Calendar Girls

Calendar Girls is written by Tim Firth and directed by Sally Hughes, and is the true story of 11 WI members who posed nude for a calendar to raise money for Leukaemia research.  

When Annie’s husband John dies of leukaemia, she and best friend Chris, fed up of getting spiked ‘behinds’ from the springs in the old sofa, decide to raise money for a new sofa in the hospital waiting room. They persuade some of their fellow Knapeley WI members to pose nude (“not naked”) for an “alternative” calendar.  Hospital porter and amateur photographer Lawrence is on hand to take the photographs, in a hilariously funny, yet very sensitive way.

The play follows not only the story of the calendar, but also the growing press coverage, the success of the now famous, and much copied calendar, but also the pressure on Chris and Annie’s friendship and their new-found fame.

If you’ve never been before, The Mill at Sonning includes dinner beforehand with your ticket. It’s a really lovely start to the evening.

The set for this production very cleverly features the classic black, white and red stationer’s calendar design, which frames the set and is used to highlight the passing of the months and seasons. It’s a very simple, yet effective way to show the audience the passing of time as we follow John’s illness, his passing, the hilarious photoshoot, the national WI conference and the calendar becoming an international story.

The cast bring this story to life with much humour, often hilarity, and also warmth.

The two leads, Chris and Annie, are wonderfully played by Rachel Fielding and Natalie Ogle. You totally feel the depth of their friendship, through good, and very bad times. This is a friendship that has real roots, and thankfully withstands their falling out over the fame that Chris, in particular, revels in. I, for one, certainly had tears in my eyes, especially at the end, when the two women reconcile amidst news of just how financially successful the calendar has become, and how it benefits Skipton Hospital.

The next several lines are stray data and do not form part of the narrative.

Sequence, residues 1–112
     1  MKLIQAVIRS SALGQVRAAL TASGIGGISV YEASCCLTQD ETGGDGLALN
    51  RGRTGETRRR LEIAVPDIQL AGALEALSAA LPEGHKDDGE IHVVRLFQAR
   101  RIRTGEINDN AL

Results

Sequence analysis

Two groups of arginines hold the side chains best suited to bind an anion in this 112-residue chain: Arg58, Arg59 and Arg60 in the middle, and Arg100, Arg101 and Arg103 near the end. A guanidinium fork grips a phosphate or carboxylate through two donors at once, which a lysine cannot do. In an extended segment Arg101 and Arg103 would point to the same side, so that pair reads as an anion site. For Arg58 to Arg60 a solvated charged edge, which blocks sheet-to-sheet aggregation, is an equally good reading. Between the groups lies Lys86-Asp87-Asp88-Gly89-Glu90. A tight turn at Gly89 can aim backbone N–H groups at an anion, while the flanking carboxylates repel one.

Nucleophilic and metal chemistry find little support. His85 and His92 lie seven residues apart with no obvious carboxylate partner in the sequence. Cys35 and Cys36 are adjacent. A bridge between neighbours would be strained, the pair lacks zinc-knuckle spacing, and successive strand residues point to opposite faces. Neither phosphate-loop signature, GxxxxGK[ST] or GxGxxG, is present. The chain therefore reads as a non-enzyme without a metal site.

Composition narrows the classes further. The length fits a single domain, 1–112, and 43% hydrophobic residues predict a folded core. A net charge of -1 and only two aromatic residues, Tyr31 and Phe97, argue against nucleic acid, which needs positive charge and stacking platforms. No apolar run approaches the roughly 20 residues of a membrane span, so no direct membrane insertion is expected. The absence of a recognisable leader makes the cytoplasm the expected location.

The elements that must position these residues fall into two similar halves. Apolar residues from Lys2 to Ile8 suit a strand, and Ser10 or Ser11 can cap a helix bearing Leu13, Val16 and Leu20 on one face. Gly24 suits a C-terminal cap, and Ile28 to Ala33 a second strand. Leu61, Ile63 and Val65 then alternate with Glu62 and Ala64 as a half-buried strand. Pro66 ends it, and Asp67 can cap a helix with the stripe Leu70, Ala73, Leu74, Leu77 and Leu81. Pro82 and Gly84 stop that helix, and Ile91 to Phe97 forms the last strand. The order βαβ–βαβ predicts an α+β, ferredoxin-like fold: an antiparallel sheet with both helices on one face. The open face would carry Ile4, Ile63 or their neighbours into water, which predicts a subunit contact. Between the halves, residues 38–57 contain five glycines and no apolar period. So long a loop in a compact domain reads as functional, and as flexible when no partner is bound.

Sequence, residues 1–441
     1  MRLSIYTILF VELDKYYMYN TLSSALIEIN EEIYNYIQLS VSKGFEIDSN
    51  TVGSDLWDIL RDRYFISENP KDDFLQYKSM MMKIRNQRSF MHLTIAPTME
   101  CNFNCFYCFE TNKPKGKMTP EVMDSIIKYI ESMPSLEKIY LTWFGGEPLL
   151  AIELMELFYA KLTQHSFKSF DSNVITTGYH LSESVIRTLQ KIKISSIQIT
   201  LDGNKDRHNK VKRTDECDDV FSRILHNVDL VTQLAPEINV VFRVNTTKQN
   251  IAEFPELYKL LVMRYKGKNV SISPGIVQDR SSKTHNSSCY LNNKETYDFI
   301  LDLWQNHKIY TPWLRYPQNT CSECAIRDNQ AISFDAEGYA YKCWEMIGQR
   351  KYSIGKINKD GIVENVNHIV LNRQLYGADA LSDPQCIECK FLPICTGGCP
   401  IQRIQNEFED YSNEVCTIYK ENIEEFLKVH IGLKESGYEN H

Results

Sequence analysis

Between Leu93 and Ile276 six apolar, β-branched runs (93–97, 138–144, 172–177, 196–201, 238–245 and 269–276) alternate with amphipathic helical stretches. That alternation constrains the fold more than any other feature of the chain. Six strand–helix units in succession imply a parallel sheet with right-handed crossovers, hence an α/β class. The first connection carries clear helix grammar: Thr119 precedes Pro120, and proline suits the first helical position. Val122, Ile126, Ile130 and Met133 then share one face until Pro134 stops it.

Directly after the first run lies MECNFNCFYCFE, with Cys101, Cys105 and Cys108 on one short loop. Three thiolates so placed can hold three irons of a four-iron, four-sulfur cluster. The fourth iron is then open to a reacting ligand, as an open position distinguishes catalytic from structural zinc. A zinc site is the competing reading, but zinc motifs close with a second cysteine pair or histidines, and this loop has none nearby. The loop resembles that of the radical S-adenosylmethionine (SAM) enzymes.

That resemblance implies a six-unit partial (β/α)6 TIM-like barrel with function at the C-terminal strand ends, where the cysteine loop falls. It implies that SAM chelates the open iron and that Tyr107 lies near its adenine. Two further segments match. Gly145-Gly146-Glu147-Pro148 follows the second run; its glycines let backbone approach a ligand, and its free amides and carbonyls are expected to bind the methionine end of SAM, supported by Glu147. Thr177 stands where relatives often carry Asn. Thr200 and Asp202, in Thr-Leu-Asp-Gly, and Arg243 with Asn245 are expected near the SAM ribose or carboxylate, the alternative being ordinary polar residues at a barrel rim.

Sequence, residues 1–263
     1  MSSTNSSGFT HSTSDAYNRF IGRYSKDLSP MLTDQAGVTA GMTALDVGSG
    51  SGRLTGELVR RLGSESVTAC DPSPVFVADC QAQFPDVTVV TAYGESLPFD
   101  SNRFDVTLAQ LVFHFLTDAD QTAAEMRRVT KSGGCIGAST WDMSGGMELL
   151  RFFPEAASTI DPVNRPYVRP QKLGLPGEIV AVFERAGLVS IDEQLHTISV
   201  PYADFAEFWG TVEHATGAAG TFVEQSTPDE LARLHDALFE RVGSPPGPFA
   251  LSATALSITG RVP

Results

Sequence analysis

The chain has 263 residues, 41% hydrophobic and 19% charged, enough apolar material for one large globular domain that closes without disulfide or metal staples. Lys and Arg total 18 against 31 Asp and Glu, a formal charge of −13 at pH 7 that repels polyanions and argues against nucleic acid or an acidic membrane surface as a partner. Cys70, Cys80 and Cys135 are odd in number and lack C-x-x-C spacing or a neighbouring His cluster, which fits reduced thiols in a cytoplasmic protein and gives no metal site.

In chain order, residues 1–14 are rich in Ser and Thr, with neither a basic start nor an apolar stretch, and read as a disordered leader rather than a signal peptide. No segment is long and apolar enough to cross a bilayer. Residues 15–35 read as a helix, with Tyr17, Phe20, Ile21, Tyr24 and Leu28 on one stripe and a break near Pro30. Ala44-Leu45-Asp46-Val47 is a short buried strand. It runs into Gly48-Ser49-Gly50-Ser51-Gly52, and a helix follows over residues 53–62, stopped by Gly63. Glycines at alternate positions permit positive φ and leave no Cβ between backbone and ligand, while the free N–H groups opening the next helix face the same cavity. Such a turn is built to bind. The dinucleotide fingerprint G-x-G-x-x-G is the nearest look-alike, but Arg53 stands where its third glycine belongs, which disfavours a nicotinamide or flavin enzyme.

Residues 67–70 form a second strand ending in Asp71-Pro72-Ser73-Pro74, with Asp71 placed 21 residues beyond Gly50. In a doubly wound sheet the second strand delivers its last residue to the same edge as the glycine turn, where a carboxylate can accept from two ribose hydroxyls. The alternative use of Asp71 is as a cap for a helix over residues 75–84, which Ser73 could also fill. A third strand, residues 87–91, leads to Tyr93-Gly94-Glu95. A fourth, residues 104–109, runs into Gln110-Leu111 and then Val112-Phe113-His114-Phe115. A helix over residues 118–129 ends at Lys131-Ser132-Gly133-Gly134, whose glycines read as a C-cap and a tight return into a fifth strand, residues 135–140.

The women, Chris, Annie, Debbie Arnold as Cora, Basienka Blake as Celia, Ciara Janson as Ruth, and Sarah Whitlock as retired teacher Jessie all fully enter into the spirit of producing the calendar. The photo shoot scene itself is just beautifully done, including Ruth’s last minute arrival as Miss November!  The are some famous one liners, the best of which is undoubtedly that “we’re going to need considerably bigger buns”, and the significance of the sunflower is a thread that runs throughout the play to beautiful effect, particularly at the end.

Special merit should also go to Oscar Cleaver, for showing just how uncomfortably shy his photographer Lawrence is about the photo shoot, and also to Elizabeth Elvin’s lovely portrayal of Knapeley WI Chair, prim and proper, Marie, who ultimately champions the calendar.

This was a heart-warmingly funny evening at the theatre, and well worth a trip out to this beautiful theatre for some lovely food, gorgeous setting, and a fabulous night at the theatre.

This show was reviewed on the 19th April 2024 at The Mill at Sonning where it runs until the 1st June 2024.  Tickets available here: Mill at Sonning

Review written by Ruth Hawkins


Photo credit: Andreas Lambis

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